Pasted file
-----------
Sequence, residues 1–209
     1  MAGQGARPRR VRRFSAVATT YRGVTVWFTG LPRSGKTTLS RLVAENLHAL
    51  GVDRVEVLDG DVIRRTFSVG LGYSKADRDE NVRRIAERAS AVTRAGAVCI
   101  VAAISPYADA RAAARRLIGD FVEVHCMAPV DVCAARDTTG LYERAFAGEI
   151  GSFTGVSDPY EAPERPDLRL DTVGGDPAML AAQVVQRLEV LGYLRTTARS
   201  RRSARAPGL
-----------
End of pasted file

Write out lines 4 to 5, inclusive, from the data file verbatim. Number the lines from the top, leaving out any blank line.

   101  VAAISPYADA RAAARRLIGD FVEVHCMAPV DVCAARDTTG LYERAFAGEI
   151  GSFTGVSDPY EAPERPDLRL DTVGGDPAML AAQVVQRLEV LGYLRTTARS